Hongkong Land, the biggest commercial landlord in the city’s Central business district, has opened a flexible work environment at one of the world’s most expensive office addresses, in a U-turn to its reticence to develop co-working space.
The developer’s Centricity Flex, featuring 25,000 square feet (2,322 square metres) opens today on the 17th and 18th floor of the Landmark Edinburgh Tower on Queen’s Road Central. Other tenants in the tower include the audit firm PwC, the Swiss private bank Bank J. Safra Sarasin and the white-shoe legal practices K&L Gates and Skadden Arps.
An international financial services firm has signed on as the first tenant of Centricity Flex, occupying a private office suite, Hongkong Land said without disclosing the customer’s name.
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“We would like to offer companies that are similar to those in our current tenants portfolio an option to traditional leases,” said the developer’s executive director Raymond Chow. “By working in Centricity Flex, tenants can get a first impression of being part of Hongkong Land’s community.”
The market for flexible working space is picking up again in Hong Kong after the initial slump brought by tough social-distancing rules during the early months of the coronavirus pandemic.
Co-working space operators, who often sublet space to other tenants, have developed a bad name, as the market shrank in the past year. WeWork, the global pioneer of the co-working space concept, gave up 90,000 square feet of space over eight floors in Causeway Bay in March, shrinking its real estate footprint as more people chose to work from home.
With office vacancy rates soaring to a 15-year record of 7.5 per cent, a change in behaviour is under way: co-working space is becoming attractive again as firms eschew office space that cost tens of millions of dollars in annual rent for flexible arrangements during the post-coronavirus era that include a mix of working from home and working in the office. The up shot is cheaper overhead, whilst maintaining the prestige of an office address in Central.
Hongkong Land, 50 per cent owned by the conglomerate Jardine Matheson Holdings, is not the only developer to embrace the co-working concept. Great Eagles Holdings, the owner of The Langham chain of hotels, opened its fifth Eaton Club flexible space at its Great Eagle Centre towers in Wan Chai in December. China Resources, one of the largest mainland Chinese conglomerates in Hong Kong, opened its China Resources Building Business Lounge at its building in the same neighbourhood two months earlier.
Swire Properties, the real estate unit of the Swire Group that already operates the Blueprint flexible workspace, is considering adding more space at its Two Taikoo Place commercial property in Quarry Bay, scheduled for completion in 2022.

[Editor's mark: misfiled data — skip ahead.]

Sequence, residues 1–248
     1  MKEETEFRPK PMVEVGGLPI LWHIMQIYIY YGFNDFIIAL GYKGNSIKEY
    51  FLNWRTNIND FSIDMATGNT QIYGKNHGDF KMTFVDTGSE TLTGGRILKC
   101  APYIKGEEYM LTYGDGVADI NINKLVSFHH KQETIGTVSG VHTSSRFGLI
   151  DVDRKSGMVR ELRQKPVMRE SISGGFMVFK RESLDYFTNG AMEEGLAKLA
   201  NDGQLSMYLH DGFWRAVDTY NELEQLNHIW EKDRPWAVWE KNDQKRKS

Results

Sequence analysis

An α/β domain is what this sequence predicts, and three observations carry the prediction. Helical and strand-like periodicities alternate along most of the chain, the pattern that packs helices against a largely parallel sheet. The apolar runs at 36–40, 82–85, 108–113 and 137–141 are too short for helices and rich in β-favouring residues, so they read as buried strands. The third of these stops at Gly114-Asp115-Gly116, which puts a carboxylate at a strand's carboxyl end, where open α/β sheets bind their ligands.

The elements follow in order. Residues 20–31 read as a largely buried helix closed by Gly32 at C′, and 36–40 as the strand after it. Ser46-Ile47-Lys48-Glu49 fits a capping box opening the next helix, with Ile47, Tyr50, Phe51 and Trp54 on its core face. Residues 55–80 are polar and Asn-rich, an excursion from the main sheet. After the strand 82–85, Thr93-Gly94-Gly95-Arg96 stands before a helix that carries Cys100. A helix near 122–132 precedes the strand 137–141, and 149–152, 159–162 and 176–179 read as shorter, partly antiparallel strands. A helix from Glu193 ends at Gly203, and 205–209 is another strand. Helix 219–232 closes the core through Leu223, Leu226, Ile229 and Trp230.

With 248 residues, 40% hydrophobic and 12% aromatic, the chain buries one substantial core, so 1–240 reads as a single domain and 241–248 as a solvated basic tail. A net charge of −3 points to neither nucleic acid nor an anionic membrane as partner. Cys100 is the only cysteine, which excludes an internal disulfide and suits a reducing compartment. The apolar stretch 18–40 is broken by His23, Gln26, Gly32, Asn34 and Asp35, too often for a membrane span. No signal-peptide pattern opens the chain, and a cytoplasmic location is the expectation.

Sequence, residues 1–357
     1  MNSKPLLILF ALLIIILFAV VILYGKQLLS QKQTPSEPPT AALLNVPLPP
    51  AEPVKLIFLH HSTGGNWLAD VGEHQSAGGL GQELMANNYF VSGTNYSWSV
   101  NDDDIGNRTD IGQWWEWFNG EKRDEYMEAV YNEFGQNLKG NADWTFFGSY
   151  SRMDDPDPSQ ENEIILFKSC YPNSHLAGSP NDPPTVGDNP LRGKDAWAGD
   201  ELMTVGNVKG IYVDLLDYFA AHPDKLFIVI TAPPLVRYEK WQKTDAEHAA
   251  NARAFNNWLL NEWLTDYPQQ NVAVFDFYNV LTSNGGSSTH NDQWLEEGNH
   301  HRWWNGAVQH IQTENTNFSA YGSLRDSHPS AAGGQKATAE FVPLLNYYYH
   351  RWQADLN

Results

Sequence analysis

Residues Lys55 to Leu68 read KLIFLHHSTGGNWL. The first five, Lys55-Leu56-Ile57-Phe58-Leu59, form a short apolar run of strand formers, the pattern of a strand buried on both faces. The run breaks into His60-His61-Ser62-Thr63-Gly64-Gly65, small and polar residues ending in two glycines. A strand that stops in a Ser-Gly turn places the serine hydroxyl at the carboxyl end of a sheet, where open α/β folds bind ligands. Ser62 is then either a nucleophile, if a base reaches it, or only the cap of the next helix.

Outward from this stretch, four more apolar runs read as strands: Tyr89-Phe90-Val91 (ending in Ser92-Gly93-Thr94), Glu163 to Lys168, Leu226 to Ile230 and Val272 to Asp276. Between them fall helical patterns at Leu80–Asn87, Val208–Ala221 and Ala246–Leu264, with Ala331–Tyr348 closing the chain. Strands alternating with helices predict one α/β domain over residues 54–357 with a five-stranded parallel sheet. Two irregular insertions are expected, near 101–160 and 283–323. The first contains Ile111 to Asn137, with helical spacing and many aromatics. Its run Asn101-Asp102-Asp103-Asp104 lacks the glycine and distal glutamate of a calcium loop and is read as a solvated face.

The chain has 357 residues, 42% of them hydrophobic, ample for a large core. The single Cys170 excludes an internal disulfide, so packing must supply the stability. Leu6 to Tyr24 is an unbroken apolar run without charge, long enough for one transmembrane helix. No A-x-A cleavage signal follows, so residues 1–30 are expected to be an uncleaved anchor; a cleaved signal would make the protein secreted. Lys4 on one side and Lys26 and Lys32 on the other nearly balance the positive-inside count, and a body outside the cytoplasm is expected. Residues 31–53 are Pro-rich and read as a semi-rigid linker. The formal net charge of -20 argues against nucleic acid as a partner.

“Across the entire market, landlords have increased the flexibility they offer to tenants,” said Alex Barnes, head of office leasing advisory at JLL in Hong Kong. “There is increased emphasis from portfolio landlords to offer greater occupier amenity and experience, and it ranges from flexible office space, communal meeting and conferencing facilities.”
Hongkong Land owns about 450,000 square metres (4.84 million square feet) of prime office and retail space in Central. About 40 per cent of the company’s tenants are financial service institutions, while 30 per cent are law firms, Hongkong Land said.
The private suites at Centricity Flex range from 900 sq ft to 2,300 sq ft on the 17th floor while those on the 18th can be configured subject to client’s needs. Tenants of Centricity Flex can rent any of the seven meeting rooms, hot desks and working pods on an hourly basis.
The average monthly rent for grade A office space in Central has fallen to HK$100 per square foot, according to Knight Frank. The falling cost has attracted some tenants back to the area, with S&P moving back to Three Exchange Square in Central, from the International Commerce Centre (ICC) in West Kowloon, paying HK$2.2 million a month.
Co-working space with 50 desks at Centricity Flex costs an estimated HK$230,000 a month based on calculations by South China Morning Post, and comes with access to all services, including discounts at any of the restaurants in Hongkong Land’s portfolio such as the Michelin-starred Amber, with a month-long reservations waiting list.
“We want to have a relationship with you and then we move that relationship forward for many years, so it’s not just a short-term relationship; we want to have a relationship for generations,” Chow said. “It is also an extension of our services to our current tenants as all facilities in Centricity Flex are open to them. It’s not really co-working, but flexible facilities.”
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